“If your theatre makes act-ivists,” says Ganguly, then it is “Theatre of the Oppressed.”

But politics must never come at the expense of aesthetics. Keeping aesthetics at the core of the Theatre of the Oppressed was a conviction for Boal, who was finishing a book on The Aesthetics of the Oppressed when he passed away in 2009. Jana Sanskriti is the epitome of this pursuit, as it is at once politically committed and aesthetically gifted.

What Ganguly is truly interested in is creating artists with creative and independent minds of their own, not performers who follow rules. Art is politics and politics is art. “It’s like the milk and its whiteness… you cannot differentiate the two,” he says.

Art has led to significant social change in rural areas. It is significant that over half of the actors in villages are women, and that 10 out of 30 satellite teams established by Jana Sanskriti are run only by women.

If women used to serve tea to men staring down at the floor in sign of subjugation, now their in-laws help with their scripts for the plays, and some graduate from college. Another direct result of Jana Sanskriti forums is the Human Rights Protection Committee created by a village in 2001, and busy ever since.

Dialogues within the global south

Although the Theatre of the Oppressed is found everywhere, providing possibilities for restorative justice from Los Angeles to Guatemala, the particular resonance of Jana Sanskriti may be unique. It is the epicentre for Theatre of the Oppressed in India and probably the largest and longest lasting such forum in the world.

Most striking is how deeply integrated in village life this theatrical activism has become. There is something unprecedentedabout its scale, giving it much international validation, albeit still under-recognised in India.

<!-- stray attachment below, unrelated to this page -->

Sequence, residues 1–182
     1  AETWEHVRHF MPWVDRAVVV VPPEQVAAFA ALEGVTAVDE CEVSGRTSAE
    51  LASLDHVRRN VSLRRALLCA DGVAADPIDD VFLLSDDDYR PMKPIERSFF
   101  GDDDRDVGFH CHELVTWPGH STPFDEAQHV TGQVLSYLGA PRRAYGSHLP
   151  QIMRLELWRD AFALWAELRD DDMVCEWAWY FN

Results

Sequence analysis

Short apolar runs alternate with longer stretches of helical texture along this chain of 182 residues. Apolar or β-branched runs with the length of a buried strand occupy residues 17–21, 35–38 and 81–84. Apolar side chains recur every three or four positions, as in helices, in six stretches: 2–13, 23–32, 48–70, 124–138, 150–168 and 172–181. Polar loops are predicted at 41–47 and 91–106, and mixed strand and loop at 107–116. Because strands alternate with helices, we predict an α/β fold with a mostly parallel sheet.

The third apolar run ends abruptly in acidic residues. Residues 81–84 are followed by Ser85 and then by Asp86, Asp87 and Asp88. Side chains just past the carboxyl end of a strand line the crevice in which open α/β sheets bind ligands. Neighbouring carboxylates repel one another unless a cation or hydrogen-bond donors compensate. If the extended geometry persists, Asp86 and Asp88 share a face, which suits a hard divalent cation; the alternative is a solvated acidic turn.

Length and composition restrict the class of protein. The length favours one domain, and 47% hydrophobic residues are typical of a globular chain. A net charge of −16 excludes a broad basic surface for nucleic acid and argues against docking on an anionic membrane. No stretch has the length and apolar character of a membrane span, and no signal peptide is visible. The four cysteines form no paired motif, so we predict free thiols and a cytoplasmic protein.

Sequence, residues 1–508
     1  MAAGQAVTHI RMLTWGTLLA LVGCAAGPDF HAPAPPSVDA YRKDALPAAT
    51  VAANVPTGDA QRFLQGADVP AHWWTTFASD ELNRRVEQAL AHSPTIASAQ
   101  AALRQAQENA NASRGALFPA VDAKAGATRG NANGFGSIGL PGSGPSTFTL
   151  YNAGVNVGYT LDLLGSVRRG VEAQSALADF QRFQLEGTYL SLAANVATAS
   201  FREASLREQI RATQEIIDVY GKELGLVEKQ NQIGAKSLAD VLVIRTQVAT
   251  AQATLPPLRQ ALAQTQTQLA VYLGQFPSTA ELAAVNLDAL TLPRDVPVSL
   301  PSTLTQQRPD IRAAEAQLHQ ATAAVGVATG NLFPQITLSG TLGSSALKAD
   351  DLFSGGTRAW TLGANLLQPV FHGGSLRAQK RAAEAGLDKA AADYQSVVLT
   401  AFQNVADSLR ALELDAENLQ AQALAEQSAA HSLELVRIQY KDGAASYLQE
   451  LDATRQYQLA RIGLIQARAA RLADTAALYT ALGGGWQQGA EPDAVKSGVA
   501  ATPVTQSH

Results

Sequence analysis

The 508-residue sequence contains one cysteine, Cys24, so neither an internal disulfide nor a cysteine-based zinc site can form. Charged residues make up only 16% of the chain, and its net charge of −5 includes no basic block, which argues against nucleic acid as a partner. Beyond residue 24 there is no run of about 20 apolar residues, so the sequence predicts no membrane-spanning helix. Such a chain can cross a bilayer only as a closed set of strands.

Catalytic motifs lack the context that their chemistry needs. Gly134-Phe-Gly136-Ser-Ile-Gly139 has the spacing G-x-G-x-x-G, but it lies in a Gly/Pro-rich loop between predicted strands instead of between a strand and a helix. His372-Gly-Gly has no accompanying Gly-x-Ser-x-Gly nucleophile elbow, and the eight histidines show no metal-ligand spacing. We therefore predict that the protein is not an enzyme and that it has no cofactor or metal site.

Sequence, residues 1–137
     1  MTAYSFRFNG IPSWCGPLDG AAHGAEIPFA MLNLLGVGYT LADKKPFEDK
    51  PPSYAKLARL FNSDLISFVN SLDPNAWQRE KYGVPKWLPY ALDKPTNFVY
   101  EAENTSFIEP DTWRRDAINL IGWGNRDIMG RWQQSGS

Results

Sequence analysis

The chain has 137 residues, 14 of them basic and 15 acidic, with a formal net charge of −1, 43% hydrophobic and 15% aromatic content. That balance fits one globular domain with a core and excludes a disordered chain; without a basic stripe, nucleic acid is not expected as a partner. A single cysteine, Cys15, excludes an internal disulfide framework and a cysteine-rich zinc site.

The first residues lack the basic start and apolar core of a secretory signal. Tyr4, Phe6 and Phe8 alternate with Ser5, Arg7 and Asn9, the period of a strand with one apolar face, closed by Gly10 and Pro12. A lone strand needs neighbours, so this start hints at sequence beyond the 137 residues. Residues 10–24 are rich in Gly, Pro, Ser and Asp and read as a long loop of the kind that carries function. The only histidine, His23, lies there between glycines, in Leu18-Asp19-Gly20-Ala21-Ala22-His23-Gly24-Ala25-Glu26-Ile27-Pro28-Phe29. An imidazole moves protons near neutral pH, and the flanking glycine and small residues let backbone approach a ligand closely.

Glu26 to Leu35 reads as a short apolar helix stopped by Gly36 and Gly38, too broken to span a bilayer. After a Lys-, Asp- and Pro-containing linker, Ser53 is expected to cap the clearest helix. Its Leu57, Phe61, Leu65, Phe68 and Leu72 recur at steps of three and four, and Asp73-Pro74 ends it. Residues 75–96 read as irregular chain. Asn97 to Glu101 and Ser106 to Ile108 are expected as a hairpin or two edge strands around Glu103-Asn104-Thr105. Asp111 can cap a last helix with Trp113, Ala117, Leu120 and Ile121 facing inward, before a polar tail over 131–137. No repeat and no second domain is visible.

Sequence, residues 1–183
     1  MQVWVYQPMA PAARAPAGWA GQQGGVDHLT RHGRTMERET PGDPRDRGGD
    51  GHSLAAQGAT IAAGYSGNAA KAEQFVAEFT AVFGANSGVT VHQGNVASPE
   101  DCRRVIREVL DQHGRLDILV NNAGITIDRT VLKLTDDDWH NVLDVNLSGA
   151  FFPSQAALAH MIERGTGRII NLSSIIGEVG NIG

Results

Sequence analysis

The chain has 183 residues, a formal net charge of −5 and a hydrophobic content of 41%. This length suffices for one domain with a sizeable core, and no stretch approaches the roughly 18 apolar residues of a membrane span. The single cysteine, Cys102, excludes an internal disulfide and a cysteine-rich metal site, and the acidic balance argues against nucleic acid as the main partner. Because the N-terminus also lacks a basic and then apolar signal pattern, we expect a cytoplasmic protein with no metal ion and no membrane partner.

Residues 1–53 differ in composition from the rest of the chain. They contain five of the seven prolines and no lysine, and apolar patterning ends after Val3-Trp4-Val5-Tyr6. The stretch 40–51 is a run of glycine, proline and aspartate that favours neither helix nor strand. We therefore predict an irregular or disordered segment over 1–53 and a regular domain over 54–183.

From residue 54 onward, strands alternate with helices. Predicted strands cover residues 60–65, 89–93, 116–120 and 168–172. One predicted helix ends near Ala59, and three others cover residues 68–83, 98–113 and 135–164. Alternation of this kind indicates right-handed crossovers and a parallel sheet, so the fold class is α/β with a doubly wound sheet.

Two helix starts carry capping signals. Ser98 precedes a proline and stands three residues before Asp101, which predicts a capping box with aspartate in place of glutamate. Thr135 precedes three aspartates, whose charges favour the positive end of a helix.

“Modernity is not about being able to mimic the West, about achieving the same homogenising nation-state or reproducing its art.”

It’s encouraging to see the Theatre of the Oppressed gain a life of its own in West Bengal, because women and men feel powerful when they can speak. Because it acts as a home-grown stimulus to social dialogue. Because theatre can do things that Bollywood cannot, observes Nandini Rao, from Yours Truly Theatre in Bengaluru, Karnataka, offering an intimate, interactive personal experience to counter the passivity encouraged by commercial TV screens.

There are many ways to activate democracy. The question is which ones actually generate social change. Theatre forums are efficient tools to design better politics.

Perhaps, it should be no surprise that Boal’s theatre resonates so strongly in West Bengal, that his son Julian and Jana Sanskriti have become family and that thousands of villagers have appropriated this theatre in their own vibrant artistic scene.

After all, Kolkata is the cultural capital of India, home to a long heritage of street theatre and poetry and ideas. It gave the world Rabindranath Tagore, who also engaged the voices of Bengali villagers when he created Sriniketan, the rural institute twin to his art school Santiniketan.

Beyond its local impact, the best part in the story of a political theatre invented in Brazil and appropriated in India is the interaction it engenders among countries of the Global South. It means that it is possible to dialogue directly without the mediation of Western conventional knowledge.

That the Theater of the Oppressed has taken root in West Bengal to produce social change offers evidence that politics can be constructed beyond the usual hegemonic sources of power production. It embodies an exchange from south to south, within cultural periphery, in its own terms.

Modernity is not to be found in imitating Europe, warned Tagore. Modernity is not about being able to mimic the West, about achieving the same homogenising nation-state or reproducing its art. Authentic modernity is not to be imitated in its form, but requires true independence of thought and action. It requires the socially and politically committed artistry embodied in Jana Sanskriti.

Real decolonisation is about being able to contribute difference to the West, to value pre-colonial past to enable alternative ways of knowing and being. 

So, now that we are able to think without necessarily triangulating through hegemonic locations of knowledge, let’s talk. And act.

Manuela Picq has just completed her time as a visiting professor and research fellow at Amherst College.